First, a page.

Thursday, December 04, 2008

Did Mr Speaker mislead the House?

Machiavelli believes so. As he notes the Police said,
"The officers informed the Serjeant at Arms that the provisions of Section 8 of the Police and Criminal Evidence Act required that they first seek consent of the person who occupies or controls the premises where they believe evidence may be found."
Letter: Assistant Commissioner Robert Quick QPM MBA to the Home Secretary, 3 December 2008, in House of Commons Library Deposited Papers.
However, the Speaker said yesterday that,
the police did not explain, as they are required to do, that the Serjeant was not obliged to consent, or that a warrant could have been insisted upon."
If you are required to SEEK consent, it necessarily follows that there is no OBLIGATION to give it. Does this not place the Speaker on flaky foundations?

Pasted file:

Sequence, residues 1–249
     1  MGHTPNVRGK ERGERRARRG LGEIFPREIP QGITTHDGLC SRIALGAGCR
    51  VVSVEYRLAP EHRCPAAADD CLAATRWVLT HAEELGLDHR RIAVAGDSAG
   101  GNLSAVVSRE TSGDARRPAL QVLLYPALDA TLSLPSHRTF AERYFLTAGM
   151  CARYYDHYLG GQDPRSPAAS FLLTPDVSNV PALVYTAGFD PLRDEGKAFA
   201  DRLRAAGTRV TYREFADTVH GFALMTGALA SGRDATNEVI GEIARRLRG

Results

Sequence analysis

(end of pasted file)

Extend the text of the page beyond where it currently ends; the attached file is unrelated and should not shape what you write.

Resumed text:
UPDATE: The following letter from the Police to Harriet Harman argues that the law was followed in their view.


Document via Guido via Wikileaks.
Note: For Iain Dale, the tag is "Damien" and not "Damian" and I can't be arsed to change it. I'm illiterate and proud!

18 comments:

Lord Snooty said...

"Does this not place the Speaker on flaky foundations?"

No.

Anything else I can help you with?

dizzy said...

Why not?

Anonymous said...

Because you are making the mistake of thinking that debates like this unfold along the lines of an Oxford philosophy tutorial. I agree with your (or rather Machiavelli's) textual analysis of what Martin said but it is far too subtle a point to have any bearing at all on the political debate. This is about politics and nothing else. That's why all the discussion about the law and the constitution is just so much hot air.